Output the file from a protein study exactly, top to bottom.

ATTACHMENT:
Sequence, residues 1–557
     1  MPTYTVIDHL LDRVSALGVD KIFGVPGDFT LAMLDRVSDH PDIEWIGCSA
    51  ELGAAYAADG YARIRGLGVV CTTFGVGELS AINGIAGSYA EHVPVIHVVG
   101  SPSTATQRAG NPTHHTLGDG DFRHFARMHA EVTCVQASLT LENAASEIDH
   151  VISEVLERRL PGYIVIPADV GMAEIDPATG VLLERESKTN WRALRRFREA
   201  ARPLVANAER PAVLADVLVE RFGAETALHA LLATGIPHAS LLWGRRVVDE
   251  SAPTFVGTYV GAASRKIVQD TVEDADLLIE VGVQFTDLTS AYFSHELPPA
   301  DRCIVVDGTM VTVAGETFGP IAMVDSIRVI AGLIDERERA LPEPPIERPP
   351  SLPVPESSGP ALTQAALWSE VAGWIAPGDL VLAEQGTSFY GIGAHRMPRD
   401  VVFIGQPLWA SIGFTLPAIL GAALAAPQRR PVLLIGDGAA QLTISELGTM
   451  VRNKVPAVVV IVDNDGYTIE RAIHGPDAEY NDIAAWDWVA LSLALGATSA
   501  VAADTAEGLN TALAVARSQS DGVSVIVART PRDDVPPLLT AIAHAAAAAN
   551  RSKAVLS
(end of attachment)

Sequence, residues 1–557
     1  MPTYTVIDHL LDRVSALGVD KIFGVPGDFT LAMLDRVSDH PDIEWIGCSA
    51  ELGAAYAADG YARIRGLGVV CTTFGVGELS AINGIAGSYA EHVPVIHVVG
   101  SPSTATQRAG NPTHHTLGDG DFRHFARMHA EVTCVQASLT LENAASEIDH
   151  VISEVLERRL PGYIVIPADV GMAEIDPATG VLLERESKTN WRALRRFREA
   201  ARPLVANAER PAVLADVLVE RFGAETALHA LLATGIPHAS LLWGRRVVDE
   251  SAPTFVGTYV GAASRKIVQD TVEDADLLIE VGVQFTDLTS AYFSHELPPA
   301  DRCIVVDGTM VTVAGETFGP IAMVDSIRVI AGLIDERERA LPEPPIERPP
   351  SLPVPESSGP ALTQAALWSE VAGWIAPGDL VLAEQGTSFY GIGAHRMPRD
   401  VVFIGQPLWA SIGFTLPAIL GAALAAPQRR PVLLIGDGAA QLTISELGTM
   451  VRNKVPAVVV IVDNDGYTIE RAIHGPDAEY NDIAAWDWVA LSLALGATSA
   501  VAADTAEGLN TALAVARSQS DGVSVIVART PRDDVPPLLT AIAHAAAAAN
   551  RSKAVLS